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Cobre Panama project

Investors are betting on a battle for Inmet Mining Corp. to control the coveted Cobre Panama project in Central America, one of the world's largest undeveloped copper plays.

Inmet shares have catapulted 23 per cent in the two tradings sessions since the company disclosed it received and promptly rejected two takeover offers in the past month from First Quantum Minerals Ltd., one of Canada's largest copper miners.

Inmet also said it adopted a shareholder rights plan, known as a poison pill, but said that was not meant to prevent takeovers so much as give it time to consider options in the event of a hostile bid.

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"I think they are effectively saying we're probably for sale at the right price," said Terry Thib, a portfolio manager with Norrep Funds in Toronto that holds Inmet shares. "From my perspective, I'm kind of thinking something north of $80 might get it done; shareholders might be happy with that."

First Quantum's latest cash-and-stock bid valued Inmet at $4.9-billion, or $70 a share. Its shares traded up nearly 6 per cent on Thursday to $65.50. Before the bids were made public, Inmet was trading at $52.80.

Stephen Bonnyman, an analyst with BMO Nesbitt Burns Inc., said in a report that he sees Inmet as being in play, and raised his target price on the stock to $82.

First Quantum has given no hint of its next move, if any.

"I can only reiterate our disappointment that the Inmet board chose to forgo this significant opportunity without engaging us in discussions," First Quantum president Clive Newall told the Scotiabank GBM Mining Conference in Toronto on Thursday. He declined to comment further.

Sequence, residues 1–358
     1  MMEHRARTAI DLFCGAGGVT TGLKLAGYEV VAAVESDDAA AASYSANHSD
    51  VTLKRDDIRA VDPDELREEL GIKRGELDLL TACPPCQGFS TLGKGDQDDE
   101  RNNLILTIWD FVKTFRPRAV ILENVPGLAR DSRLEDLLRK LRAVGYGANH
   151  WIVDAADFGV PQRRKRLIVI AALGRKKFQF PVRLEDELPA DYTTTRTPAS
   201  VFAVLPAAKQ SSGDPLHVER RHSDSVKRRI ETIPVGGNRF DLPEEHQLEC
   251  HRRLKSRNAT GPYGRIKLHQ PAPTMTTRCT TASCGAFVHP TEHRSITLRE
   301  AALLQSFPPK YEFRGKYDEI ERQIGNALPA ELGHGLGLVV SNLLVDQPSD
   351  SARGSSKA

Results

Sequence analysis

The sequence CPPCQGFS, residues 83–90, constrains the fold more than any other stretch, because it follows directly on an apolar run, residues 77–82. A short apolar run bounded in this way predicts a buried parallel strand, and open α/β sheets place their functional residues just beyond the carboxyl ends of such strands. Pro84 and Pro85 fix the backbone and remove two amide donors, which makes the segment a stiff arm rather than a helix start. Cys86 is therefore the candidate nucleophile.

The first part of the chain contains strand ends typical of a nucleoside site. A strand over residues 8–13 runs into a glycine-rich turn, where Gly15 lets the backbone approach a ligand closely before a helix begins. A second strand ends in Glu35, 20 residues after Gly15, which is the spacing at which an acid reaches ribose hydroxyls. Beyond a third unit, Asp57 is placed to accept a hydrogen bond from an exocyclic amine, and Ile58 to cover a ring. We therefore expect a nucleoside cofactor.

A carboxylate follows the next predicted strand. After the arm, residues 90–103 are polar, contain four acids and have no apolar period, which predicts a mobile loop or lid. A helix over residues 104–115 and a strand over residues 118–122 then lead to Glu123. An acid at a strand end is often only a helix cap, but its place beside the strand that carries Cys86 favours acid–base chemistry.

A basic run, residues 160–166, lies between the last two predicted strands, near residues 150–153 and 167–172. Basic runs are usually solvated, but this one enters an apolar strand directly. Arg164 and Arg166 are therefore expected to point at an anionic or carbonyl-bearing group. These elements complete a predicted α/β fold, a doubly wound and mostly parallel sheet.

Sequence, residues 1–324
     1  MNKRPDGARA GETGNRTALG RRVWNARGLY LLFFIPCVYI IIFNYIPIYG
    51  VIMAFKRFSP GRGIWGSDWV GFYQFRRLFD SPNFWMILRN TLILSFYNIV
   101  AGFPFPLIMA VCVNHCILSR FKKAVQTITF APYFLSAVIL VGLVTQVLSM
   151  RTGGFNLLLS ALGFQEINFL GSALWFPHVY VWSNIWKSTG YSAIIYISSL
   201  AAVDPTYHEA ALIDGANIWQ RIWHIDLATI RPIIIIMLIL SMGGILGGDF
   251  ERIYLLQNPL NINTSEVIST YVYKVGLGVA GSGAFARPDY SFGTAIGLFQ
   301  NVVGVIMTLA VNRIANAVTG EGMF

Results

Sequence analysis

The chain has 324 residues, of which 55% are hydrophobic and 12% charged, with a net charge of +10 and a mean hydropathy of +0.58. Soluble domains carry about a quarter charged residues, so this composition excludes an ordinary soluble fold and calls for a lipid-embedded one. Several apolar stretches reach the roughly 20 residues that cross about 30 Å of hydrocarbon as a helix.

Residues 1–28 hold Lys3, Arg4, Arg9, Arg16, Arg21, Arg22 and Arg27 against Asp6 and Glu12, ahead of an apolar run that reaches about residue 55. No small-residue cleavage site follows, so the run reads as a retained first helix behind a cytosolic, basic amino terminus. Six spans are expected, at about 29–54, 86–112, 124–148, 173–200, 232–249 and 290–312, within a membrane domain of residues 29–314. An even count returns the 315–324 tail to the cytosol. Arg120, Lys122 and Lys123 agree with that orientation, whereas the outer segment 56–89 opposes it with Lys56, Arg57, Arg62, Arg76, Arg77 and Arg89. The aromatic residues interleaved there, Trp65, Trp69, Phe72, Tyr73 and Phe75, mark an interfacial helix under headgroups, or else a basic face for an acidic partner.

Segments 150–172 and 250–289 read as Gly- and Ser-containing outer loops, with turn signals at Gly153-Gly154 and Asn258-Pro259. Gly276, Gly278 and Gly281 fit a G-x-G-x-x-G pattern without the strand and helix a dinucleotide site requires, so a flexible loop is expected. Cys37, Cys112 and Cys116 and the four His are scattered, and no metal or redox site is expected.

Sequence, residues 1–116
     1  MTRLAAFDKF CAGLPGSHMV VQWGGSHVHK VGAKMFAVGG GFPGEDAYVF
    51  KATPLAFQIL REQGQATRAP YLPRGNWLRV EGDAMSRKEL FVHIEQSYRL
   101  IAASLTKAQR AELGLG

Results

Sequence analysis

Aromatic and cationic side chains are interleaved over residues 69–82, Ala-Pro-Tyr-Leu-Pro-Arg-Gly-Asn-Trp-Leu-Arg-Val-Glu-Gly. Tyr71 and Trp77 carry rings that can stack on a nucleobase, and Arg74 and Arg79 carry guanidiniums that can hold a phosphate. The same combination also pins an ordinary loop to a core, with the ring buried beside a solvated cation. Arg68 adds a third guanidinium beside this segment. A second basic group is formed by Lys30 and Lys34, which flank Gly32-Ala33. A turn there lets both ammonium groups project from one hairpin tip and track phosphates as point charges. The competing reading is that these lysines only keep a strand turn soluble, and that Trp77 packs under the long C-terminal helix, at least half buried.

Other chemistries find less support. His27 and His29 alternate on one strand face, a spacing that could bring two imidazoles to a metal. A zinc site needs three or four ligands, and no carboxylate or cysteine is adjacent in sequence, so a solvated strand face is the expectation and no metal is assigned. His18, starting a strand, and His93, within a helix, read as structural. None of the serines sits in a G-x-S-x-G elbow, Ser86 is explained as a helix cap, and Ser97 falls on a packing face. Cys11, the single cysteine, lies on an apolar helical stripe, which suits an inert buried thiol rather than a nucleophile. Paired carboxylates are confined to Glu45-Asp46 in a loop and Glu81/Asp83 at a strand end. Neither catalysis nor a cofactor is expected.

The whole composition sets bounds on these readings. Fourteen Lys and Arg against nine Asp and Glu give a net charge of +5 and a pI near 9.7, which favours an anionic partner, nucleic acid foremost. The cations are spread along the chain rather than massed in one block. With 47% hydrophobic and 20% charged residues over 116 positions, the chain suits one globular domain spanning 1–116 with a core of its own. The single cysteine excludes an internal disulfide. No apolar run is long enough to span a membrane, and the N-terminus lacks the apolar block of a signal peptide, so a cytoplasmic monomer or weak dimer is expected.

First Quantum and Inmet are not engaged in continuing talks, said a person familiar with the situation.

Inmet's $6.2-billion (U.S.) Cobre Panama project is expected to produce some 300,000 tonnes of copper a year for 30 years, making it one of the largest undeveloped copper resources in the world. It will be Central America's only large-scale copper mine and the largest development project in Panama since the Panama Canal was built nearly 100 years ago.

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Cobre Panama could be a prize worth scrapping over as rivals scour the globe for new sources of copper, the reddish metal that helped feed development in China over the past decade and is used in everything from electrical wires to roofing, plumbing and industrial machinery.

The project is in a good jurisdiction, is fully funded and has low projected cash costs, characteristics important to an industry whose biggest challenges are resource nationalism and some of the steepest cost inflation in decades.

"We believe we could see further bids for Inmet in the near term given the scarcity of large, quality copper assets," analyst Fraser Phillips wrote in a report for RBC Dominion Securities Inc.

"Cobre Panama is a large project with an attractive cash cost profile and opportunities for expansion that is fully permitted and essentially fully funded. It is well known to many senior mining companies worldwide," he said.

The bids for Inmet underscore growing concerns about scarce new copper supplies as the global economy recovers and China resumes aggressive development.

Even with Europe in recession and many other economies still struggling, the world is seen consuming more copper this year than miners can produce.

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Inmet was singled out by analysts over a year ago as a possible takeover target.

First Quantum has itself been the subject of takeover rumours this year. Reports in April said it was in the cross-hairs of such global giants as Glencore and Xstrata – now merged – BHP Billiton Ltd., Rio Tinto PLC and Anglo American PLC.

With files from reporter Shirley Won

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